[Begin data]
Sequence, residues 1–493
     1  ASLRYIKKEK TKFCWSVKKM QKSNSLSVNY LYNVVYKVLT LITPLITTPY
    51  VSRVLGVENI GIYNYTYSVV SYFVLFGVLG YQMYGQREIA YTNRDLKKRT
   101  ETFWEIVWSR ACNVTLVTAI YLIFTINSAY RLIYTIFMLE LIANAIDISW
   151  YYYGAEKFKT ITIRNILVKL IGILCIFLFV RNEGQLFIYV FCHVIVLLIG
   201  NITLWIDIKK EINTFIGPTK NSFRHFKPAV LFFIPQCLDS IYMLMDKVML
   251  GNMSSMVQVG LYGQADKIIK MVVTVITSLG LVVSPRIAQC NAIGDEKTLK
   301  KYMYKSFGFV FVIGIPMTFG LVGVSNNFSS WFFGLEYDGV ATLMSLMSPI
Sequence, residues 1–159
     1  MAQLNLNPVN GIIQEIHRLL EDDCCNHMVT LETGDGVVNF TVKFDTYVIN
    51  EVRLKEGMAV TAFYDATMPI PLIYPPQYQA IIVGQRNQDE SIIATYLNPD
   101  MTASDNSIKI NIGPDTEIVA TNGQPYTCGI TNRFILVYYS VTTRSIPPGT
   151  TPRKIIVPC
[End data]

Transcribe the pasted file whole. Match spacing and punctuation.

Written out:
Sequence, residues 1–493
     1  ASLRYIKKEK TKFCWSVKKM QKSNSLSVNY LYNVVYKVLT LITPLITTPY
    51  VSRVLGVENI GIYNYTYSVV SYFVLFGVLG YQMYGQREIA YTNRDLKKRT
   101  ETFWEIVWSR ACNVTLVTAI YLIFTINSAY RLIYTIFMLE LIANAIDISW
   151  YYYGAEKFKT ITIRNILVKL IGILCIFLFV RNEGQLFIYV FCHVIVLLIG
   201  NITLWIDIKK EINTFIGPTK NSFRHFKPAV LFFIPQCLDS IYMLMDKVML
   251  GNMSSMVQVG LYGQADKIIK MVVTVITSLG LVVSPRIAQC NAIGDEKTLK
   301  KYMYKSFGFV FVIGIPMTFG LVGVSNNFSS WFFGLEYDGV ATLMSLMSPI
Sequence, residues 1–159
     1  MAQLNLNPVN GIIQEIHRLL EDDCCNHMVT LETGDGVVNF TVKFDTYVIN
    51  EVRLKEGMAV TAFYDATMPI PLIYPPQYQA IIVGQRNQDE SIIATYLNPD
   101  MTASDNSIKI NIGPDTEIVA TNGQPYTCGI TNRFILVYYS VTTRSIPPGT
   151  TPRKIIVPC